"We know that Tymoshenko reached a wide-ranging deal with (Russian Prime Minister Vladimir) Putin when they held negotiations over Ukraine's gas debts," says Oleksiy Kolomiyets, president of the independent Center for European and Transatlantic Studies in Kiev. "She is very pragmatic, and she isn't one who would pursue unpopular principles -- such as joining NATO -- the way Yushchenko did."
Though Ukraine appeared to lurch Westward following the Orange Revolution, public support for Yushchenko's policies remained tenuous. For example, opinion polls have consistently showed that around two-thirds of Ukrainians oppose joining NATO. Though he was defeated in the presidential contest in 2004, Yanukovich's pro-Russian Party of Regions continued to score high votes in subsequent parliamentary elections, particularly in the heavily russified eastern Ukraine.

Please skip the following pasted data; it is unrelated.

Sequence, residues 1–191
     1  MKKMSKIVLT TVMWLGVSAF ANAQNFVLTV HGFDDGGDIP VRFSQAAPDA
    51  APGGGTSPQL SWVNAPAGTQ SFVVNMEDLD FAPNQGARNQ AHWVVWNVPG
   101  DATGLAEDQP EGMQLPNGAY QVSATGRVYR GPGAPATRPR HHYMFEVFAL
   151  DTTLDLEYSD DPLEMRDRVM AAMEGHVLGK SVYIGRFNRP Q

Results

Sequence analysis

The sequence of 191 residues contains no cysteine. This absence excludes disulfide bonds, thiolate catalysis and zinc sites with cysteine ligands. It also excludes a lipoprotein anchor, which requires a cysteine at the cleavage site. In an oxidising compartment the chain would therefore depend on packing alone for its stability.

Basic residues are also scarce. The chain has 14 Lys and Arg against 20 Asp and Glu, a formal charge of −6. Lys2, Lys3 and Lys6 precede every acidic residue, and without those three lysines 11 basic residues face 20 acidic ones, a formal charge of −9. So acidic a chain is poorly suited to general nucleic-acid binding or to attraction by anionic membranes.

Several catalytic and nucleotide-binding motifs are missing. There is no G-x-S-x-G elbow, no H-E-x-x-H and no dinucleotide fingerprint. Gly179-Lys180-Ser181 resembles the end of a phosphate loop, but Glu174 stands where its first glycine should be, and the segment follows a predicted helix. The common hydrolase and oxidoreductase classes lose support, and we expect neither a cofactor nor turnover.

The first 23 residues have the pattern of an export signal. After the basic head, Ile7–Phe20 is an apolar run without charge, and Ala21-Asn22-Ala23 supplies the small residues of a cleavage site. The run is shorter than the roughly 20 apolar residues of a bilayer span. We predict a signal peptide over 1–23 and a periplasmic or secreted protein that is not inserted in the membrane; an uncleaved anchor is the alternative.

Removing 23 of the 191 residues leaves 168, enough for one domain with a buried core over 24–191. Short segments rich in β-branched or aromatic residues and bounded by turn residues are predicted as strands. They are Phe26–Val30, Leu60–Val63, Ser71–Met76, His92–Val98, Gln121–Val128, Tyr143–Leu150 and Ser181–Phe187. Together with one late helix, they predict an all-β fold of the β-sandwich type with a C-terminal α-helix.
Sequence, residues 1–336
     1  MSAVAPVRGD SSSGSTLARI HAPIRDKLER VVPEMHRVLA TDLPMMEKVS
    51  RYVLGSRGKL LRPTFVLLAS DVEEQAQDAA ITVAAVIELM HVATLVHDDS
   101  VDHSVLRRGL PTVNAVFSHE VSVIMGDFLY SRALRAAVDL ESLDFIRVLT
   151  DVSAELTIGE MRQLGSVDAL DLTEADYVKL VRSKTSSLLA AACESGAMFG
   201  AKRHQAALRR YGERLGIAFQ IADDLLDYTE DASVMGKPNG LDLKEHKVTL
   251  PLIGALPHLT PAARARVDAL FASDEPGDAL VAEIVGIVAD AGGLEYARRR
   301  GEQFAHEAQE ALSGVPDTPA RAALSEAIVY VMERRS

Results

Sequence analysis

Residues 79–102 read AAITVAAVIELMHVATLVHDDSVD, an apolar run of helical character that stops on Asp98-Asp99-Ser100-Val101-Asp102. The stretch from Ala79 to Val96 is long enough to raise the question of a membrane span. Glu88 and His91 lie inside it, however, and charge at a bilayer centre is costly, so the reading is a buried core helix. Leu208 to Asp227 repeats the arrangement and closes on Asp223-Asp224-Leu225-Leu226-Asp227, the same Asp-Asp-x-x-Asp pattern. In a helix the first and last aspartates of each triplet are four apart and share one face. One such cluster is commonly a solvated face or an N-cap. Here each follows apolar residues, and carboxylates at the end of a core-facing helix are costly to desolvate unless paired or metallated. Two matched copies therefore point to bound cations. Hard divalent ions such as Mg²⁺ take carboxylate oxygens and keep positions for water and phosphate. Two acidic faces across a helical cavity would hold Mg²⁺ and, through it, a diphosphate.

Russia's more subtle approach
The Kremlin, which had overtly backed its favored son, Yanukovich, in the allegedly rigged 2004 elections, revamped its approach to influencing Ukraine. Outright political interference was replaced by "commercial" pressure, which meant no more cheap Russian gas to power Ukraine's energy-hungry steel and chemical industries, and tougher controls on millions of Ukrainian "guest workers" seeking employment in Russia.
In a series of "gas wars" over issues of price and transit conditions for Russian gas to European customers through Ukraine's pipeline system, Moscow consistently outmaneuvered Kiev diplomatically, making Ukraine look more like an unreliable partner than a victim of Russian strong-arming.